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The Student News Site of Quakertown High School

Paw Prints

The Student News Site of Quakertown High School

Paw Prints

The Student News Site of Quakertown High School

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A Quiet Place – Will silence blend with new entertainment?


Known for a thrilling plot and unique storyline, “A Quiet Place” is a multiple-award-winning film brought to screens within the hazy remnants of 2018; a newer, longstanding series that’s grazed enough attention to garner not only a sequel, but also an upcoming prequel by June of this year, and a fourth film sometime in the future. It first originated as an idea between Scott Beck and Bryan Woods back in their college years – John Krasinski became director and cowriter at a later date after reading the script.

During early development, Beck and Woods had brought up the unique concept of a killer defined by one of the five core senses to Platinum Dunes – an American production company mostly known for a wide array of new-gen horror films, such as Texas Chainsaw Massacre, The Purge, Oujia, and other remakes of old classics. Once it hit the writing stage, the dynamic duo had spoken with a Paramount Executive who had suggested their idea be a tie-in to the Cloverfield franchise; a tri-film universe containing its very own deluge of terrifying, other-worldly creatures and surprising plot twists that bring a thrilling experience to it’s viewers and critics alike, but ultimately becoming it’s own film after being bought from the two.

Silence and horror; how the two merge to create a unique, thrilling plot

Although it holds a lackluster word count concerning its spoken dialogue, the movie strives to capture the attention of its audience through the demeanor and actions of its cast, who go above and beyond to encapsulate struggles, grief, pain, fear, and many other emotions that can be shown through actions or appearances when verbal tones are unavailable; things we often take for granted, whereas by removing a core aspect of our every day lives, the film creates a unique, fresh take on the struggles of living in a new world where sound can kill you.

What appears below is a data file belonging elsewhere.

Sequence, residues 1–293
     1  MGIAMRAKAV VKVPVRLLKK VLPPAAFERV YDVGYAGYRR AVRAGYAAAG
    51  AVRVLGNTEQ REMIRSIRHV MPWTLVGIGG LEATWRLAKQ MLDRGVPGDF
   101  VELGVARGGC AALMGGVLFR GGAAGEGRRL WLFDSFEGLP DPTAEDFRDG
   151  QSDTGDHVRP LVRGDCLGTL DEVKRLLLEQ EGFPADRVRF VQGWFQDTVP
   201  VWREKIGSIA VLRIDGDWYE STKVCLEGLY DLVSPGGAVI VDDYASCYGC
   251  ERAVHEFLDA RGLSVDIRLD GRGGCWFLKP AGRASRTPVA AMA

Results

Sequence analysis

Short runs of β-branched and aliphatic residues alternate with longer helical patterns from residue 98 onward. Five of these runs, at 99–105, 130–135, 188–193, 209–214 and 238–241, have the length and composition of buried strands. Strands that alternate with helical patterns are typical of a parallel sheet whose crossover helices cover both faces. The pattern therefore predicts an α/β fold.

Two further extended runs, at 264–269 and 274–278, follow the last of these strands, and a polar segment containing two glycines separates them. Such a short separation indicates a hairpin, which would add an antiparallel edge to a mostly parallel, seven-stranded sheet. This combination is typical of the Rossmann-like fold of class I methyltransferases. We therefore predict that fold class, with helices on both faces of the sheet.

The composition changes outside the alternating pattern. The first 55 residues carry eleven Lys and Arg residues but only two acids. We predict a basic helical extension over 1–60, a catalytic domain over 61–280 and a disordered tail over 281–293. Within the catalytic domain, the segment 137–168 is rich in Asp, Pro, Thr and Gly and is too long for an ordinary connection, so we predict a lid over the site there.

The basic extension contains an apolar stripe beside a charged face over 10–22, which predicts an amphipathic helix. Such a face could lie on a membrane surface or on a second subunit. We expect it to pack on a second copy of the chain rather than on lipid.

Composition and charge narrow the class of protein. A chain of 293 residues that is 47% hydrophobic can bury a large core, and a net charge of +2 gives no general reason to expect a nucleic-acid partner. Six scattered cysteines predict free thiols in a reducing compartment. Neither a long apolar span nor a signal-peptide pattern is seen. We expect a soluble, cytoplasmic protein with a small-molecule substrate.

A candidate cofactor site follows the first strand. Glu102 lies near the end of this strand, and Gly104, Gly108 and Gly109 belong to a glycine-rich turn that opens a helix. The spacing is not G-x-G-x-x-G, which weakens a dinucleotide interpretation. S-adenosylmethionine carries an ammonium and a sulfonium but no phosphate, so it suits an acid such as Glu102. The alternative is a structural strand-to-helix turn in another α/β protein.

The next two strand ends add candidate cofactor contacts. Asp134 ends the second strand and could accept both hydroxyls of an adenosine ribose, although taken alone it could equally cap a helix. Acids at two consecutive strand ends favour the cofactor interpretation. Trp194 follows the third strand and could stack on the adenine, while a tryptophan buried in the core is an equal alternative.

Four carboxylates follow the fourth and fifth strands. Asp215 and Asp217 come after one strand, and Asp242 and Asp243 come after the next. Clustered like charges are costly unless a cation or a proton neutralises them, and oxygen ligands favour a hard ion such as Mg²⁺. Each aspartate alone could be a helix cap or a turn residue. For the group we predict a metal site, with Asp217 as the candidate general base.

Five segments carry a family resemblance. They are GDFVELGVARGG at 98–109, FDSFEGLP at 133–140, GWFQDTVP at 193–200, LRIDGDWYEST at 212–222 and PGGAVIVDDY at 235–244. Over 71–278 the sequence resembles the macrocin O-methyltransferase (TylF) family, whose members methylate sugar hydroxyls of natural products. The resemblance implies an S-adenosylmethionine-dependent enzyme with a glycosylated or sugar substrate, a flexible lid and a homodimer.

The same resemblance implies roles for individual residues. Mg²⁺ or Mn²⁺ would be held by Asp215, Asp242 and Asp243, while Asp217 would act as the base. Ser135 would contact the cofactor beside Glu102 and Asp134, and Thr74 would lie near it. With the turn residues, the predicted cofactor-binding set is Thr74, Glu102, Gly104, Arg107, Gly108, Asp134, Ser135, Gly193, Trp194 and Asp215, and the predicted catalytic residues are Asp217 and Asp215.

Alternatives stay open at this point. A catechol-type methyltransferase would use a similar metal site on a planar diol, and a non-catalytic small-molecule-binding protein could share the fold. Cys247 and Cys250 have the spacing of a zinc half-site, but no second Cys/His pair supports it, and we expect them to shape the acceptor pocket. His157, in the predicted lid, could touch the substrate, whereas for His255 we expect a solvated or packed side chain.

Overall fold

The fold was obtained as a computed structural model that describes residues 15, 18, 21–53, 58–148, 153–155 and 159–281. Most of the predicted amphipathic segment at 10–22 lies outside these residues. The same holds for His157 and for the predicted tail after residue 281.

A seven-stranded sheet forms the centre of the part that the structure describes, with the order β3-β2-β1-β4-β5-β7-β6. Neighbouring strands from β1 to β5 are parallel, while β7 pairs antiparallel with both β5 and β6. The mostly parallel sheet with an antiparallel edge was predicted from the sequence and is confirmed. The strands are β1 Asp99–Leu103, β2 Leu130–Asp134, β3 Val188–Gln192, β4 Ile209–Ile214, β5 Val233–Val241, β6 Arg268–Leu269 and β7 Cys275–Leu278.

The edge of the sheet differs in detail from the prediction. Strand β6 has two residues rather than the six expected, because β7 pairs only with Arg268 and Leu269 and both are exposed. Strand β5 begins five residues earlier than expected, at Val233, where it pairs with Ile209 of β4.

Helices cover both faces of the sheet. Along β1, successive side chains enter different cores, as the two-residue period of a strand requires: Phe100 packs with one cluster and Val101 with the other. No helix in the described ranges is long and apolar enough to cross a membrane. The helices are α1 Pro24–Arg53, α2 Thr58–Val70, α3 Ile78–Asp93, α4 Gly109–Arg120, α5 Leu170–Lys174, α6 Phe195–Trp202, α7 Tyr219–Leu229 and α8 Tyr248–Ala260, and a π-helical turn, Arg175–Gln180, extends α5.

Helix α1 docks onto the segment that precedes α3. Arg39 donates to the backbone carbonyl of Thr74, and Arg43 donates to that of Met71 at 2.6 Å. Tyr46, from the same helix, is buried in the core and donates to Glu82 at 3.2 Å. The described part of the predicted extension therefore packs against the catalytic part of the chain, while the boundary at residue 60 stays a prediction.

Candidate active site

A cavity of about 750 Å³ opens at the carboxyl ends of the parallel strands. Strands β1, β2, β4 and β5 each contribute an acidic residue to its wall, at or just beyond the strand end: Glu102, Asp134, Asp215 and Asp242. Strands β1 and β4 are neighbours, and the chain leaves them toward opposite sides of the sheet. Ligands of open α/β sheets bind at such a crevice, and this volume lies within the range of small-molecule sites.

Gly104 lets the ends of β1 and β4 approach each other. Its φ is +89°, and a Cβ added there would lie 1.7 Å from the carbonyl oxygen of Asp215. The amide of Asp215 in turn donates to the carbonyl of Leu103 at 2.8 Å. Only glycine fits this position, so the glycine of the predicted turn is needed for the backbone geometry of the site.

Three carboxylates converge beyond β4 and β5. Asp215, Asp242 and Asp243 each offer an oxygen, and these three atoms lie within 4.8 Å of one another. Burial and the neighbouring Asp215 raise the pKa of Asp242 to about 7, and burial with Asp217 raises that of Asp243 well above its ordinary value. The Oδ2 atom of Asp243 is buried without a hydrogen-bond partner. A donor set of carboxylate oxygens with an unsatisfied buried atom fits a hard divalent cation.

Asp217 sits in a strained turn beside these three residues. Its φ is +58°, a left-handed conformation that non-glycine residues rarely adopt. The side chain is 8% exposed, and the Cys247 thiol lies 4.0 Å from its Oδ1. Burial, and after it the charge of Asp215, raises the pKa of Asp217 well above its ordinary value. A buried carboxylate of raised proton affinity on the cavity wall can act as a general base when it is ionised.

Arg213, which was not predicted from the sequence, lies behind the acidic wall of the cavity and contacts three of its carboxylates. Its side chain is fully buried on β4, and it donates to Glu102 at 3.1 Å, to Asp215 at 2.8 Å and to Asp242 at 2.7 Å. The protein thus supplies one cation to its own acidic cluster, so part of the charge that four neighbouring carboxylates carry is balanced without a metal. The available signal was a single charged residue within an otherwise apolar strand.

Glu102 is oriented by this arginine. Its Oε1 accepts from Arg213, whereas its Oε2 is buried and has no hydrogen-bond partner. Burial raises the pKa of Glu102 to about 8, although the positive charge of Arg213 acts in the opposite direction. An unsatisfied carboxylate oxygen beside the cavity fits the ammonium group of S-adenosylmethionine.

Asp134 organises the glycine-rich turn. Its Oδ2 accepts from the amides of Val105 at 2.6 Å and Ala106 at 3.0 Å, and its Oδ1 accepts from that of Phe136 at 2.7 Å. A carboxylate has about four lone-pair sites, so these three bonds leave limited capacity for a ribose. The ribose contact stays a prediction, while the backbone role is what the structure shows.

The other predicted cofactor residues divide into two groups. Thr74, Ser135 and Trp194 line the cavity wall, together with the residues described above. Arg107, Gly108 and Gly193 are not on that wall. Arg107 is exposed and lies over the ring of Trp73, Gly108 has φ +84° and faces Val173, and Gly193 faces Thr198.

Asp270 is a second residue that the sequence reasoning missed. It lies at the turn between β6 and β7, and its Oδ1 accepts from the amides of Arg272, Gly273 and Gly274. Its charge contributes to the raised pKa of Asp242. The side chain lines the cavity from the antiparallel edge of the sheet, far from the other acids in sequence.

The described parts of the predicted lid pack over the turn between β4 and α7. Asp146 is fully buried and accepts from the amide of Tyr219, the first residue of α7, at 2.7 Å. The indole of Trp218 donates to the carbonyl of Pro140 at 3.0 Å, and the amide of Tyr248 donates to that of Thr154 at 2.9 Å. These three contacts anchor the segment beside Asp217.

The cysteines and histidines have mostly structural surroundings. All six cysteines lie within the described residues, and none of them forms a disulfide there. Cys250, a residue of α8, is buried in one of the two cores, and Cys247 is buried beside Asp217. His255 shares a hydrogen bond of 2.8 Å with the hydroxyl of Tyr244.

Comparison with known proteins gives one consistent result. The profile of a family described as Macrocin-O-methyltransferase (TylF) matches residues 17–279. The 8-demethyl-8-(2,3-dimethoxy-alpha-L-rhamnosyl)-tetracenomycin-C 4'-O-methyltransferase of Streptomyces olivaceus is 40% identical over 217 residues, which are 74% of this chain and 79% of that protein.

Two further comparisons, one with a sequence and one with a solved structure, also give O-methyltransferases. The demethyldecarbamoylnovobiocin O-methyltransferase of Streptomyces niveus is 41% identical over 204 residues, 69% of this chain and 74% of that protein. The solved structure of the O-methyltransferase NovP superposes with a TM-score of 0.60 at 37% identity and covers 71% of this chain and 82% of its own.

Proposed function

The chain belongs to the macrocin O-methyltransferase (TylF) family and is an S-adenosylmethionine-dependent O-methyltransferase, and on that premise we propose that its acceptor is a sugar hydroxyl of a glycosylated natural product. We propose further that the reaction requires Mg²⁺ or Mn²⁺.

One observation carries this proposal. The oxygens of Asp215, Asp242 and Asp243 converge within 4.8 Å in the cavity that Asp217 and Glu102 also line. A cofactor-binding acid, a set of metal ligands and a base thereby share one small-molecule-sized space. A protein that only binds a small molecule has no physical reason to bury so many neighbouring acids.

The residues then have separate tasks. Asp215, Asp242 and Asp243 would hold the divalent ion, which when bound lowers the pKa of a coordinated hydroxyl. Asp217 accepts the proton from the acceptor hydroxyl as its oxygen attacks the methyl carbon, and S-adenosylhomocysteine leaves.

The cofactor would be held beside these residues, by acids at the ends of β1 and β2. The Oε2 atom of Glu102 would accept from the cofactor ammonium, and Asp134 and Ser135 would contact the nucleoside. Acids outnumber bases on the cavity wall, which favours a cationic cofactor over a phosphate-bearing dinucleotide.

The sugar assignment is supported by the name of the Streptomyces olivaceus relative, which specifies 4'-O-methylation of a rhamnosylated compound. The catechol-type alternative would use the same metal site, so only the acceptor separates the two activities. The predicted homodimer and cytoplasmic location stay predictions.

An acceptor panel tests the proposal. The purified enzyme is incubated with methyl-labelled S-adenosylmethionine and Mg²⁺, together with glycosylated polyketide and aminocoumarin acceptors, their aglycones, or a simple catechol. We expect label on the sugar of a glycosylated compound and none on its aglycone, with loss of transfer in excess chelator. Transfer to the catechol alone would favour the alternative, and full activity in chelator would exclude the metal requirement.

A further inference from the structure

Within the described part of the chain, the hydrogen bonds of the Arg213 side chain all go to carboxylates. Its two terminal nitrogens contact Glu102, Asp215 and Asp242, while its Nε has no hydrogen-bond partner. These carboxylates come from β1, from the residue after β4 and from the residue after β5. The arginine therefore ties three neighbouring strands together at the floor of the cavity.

These attributes are shown in great detail as well – the main protagonist, Regan (the daughter), standing at the complete opposite end of the spectrum from the sightless “Death Angels” who hold an uncanny affinity for tracking and hunting prey by sound alone, due to both the actor and character being born completely deaf. Despite her inabilities, the writers do an excellent job at showcasing Regan’s intuition and drive, especially considering the weakness of the otherworldly creature that has been attached to her this entire time – a cochlear implant.

Shown briefly in trailers, this prequel centers around the very first day of the creatures landing on earth; the hustle and bustle of a populated city is an interesting choice to showcase the destructive, natural-born chaos that these eyeless creatures bring the big screens; a bigger, better playground for the writers to come up with new ideas and situations.

A bigger scope – what could this mean for future films?

Despite its main motif set as a monster flick, A Quiet Place brings a unique and rarely done concept to the table of such a broad genre, offering new aspects of horror and subplots that can introduce horror fans alike to films that share similar themes or plots: The Silence, Bird Box, or even It Comes At Night – all small-gem films that hold similar yet altered premises of mystery, thrill, or a fascinating but equally terrifying creatures.

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About the Contributor
Devin Clark
Devin Clark is currently a Senior at Quakertown Community High School, and is taking his first steps into journalism. He enjoys listening to a variety of artists while he works and prefers solitude over an outgoing extracurricular. He doesn't have many goals overall - just to graduate and move on to the next step in life.

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